I also thought that The Bridge of Little Jeremy touched upon some interesting ideas in the way it portrayed the dangers of social media and the problematic aspects of inheritance law. However, by portraying these things in a very one-sided way, the book didn’t really give any nuance to these discussions, and made me feel kind of like I was reading barely disguised propaganda against facebook and inheritance tax. Propaganda coming from a person whose opinion on these things were so fixed in stone that they hadn’t even bothered to research beyond their own bubble.
Take social media, for instance. I’m sorry, but this book is set in present-day France – or at least, in post-2002 France, since the current currency is the Euro – and Jeremy has never used the internet at home before? Why does everybody in the book think this is perfectly normal? Why does Jeremy’s mother suddenly allow him access, then, if she has apparently been super strict about it before? And why does Jeremy, despite his internet-cluelessness, mysteriously have perfect online research skills that allow him to understand tax laws that are so complicated that even I don’t get them? Also, when Jeremy does make a social media account, why is the only thing that we learn about it that it is “on the social network”? Couldn’t we get a few more specifics? To be honest, all the passages relating to the internet kind of read like my grandmother, who always needed help turning on her computer, had written them, and felt very out of touch with the reality of a 21st-century European pre-teen. Which kind of made me take the criticism in the book with a grain of salt as well…
Similarly, while we got to see a lot of the negative effects taxation laws had on Jeremy and his family, I would have liked representation of the other side of the picture as well. Since one major plotline revolved around Jeremy trying to attract the government’s attention and get those laws changed, I think it would have made sense to include at least some discussion as to why these laws had been passed in the first place. Don’t get me wrong – I did think it was interesting to see an issue like inheritance tax raised in fiction! But the one-sidedness of its portrayal left quite a few questions unanswered and made things a bit repetitive, since the same arguments were rehashed over and over again.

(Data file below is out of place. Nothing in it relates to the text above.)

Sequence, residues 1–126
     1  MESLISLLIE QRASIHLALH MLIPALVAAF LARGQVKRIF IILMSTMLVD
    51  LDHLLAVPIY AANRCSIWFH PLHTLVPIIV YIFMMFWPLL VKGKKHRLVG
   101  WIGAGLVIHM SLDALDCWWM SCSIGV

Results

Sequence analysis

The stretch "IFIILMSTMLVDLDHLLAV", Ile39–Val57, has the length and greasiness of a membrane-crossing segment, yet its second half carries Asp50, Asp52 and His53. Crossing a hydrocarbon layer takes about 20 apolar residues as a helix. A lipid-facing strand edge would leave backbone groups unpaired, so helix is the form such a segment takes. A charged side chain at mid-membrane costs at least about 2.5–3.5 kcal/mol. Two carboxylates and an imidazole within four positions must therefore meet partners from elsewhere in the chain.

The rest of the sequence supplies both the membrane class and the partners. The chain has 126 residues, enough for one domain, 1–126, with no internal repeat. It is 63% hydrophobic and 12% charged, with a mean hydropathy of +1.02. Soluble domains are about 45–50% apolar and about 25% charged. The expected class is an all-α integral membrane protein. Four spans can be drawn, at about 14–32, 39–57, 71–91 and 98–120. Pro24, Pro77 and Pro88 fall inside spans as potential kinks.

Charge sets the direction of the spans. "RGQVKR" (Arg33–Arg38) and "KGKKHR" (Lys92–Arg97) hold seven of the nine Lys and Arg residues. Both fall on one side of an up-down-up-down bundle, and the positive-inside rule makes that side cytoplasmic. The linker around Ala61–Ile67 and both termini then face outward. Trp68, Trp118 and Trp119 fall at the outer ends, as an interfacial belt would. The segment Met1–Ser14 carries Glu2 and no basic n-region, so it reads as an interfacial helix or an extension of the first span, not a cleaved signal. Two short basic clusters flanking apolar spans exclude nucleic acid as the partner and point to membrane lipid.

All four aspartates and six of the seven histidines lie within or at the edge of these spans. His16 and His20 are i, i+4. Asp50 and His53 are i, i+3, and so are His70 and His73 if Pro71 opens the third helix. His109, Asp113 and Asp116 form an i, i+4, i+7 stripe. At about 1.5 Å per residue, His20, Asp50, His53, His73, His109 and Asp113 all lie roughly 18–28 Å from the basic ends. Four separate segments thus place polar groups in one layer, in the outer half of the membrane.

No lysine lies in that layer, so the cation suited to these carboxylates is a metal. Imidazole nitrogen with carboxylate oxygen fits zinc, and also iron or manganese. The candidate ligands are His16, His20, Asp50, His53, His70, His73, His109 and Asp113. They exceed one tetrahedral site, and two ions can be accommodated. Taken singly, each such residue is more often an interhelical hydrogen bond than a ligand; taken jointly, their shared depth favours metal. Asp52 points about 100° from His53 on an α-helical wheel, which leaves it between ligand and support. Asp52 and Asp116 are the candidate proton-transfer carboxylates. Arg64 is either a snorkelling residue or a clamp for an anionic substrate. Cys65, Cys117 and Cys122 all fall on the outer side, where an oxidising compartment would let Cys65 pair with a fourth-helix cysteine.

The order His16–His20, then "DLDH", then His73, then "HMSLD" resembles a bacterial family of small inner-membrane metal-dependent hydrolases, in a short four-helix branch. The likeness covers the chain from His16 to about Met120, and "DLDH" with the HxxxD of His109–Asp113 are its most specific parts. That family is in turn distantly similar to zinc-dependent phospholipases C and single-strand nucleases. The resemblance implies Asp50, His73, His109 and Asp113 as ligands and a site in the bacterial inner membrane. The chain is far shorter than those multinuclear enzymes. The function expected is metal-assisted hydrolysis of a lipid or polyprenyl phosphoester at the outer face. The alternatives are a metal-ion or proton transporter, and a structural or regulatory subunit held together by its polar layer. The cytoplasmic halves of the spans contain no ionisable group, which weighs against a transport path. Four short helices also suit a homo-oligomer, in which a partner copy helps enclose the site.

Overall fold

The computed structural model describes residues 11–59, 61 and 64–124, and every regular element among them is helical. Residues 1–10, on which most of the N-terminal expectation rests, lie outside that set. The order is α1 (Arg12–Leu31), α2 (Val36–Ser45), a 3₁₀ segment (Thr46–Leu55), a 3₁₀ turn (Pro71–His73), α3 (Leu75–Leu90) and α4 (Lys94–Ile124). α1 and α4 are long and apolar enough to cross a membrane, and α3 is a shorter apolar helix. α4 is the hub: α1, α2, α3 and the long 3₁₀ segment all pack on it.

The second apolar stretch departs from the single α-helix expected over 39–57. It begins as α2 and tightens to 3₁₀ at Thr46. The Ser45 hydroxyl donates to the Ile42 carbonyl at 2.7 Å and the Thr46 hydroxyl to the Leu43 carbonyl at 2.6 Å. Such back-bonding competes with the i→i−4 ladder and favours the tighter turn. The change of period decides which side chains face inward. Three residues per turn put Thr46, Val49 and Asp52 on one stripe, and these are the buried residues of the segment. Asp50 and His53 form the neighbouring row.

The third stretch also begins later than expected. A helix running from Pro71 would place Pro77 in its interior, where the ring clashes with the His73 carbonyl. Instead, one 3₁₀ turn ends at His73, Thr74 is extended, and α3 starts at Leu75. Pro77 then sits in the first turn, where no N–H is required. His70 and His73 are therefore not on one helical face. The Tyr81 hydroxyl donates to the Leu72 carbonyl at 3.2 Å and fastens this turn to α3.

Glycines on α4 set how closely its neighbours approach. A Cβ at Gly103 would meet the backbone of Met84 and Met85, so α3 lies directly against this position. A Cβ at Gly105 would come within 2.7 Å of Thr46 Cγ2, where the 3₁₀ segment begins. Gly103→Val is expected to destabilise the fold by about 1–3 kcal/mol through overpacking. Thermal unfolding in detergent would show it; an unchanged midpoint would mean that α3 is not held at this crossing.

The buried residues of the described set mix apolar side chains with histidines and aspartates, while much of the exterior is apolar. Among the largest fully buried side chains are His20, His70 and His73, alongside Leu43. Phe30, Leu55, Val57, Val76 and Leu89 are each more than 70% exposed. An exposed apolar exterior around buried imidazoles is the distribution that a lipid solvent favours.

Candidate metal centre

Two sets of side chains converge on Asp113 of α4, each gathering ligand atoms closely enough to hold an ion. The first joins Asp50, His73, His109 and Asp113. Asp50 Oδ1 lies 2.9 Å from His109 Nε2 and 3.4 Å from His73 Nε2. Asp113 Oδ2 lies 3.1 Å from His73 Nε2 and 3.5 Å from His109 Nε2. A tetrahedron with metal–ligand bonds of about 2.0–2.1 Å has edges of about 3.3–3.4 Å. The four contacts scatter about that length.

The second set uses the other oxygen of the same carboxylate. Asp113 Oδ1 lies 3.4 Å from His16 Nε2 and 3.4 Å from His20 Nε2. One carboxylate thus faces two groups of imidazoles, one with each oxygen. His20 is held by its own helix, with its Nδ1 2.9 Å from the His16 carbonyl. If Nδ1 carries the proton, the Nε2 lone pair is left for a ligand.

Finally, a few things about the story just felt unrealistic. Apart from Jeremy’s strange relationship with the internet, there was also Jeremy’s general situation. Somehow, he has a heart condition so serious that he’s not allowed to go to school, but then he’s allowed to run around Paris 24/7 all on his own without his mother batting so much as an eye? The same mother who forbade Jeremy access to social media because it was so dangerous? At least to me, that didn’t quite ring true. As did the fact that Jeremy knew the history of just about every painting and building that had ever stood in Paris.
So yeah – overall, The Bridge of Little Jeremy wasn’t really my cup of tea. While I did think the story was cute and I liked the setting, the characters and the plot weren’t layered enough to make me truly invested. I am, however, nevertheless thankful to have gotten the opportunity to read the book and would like to add that my lack of enjoyment should in no way be seen as an attack on the author! I am sure there are people out there who would enjoy this – I just wasn’t one of them 😅
Anyway, if you’ve read The Bridge of Little Jeremy, I’d be really curious to know your thoughts! Do you agree or disagree with me? Or do you maybe have recommendations for books set in Paris that you think I’d enjoy more? I would love to chat down in the comments!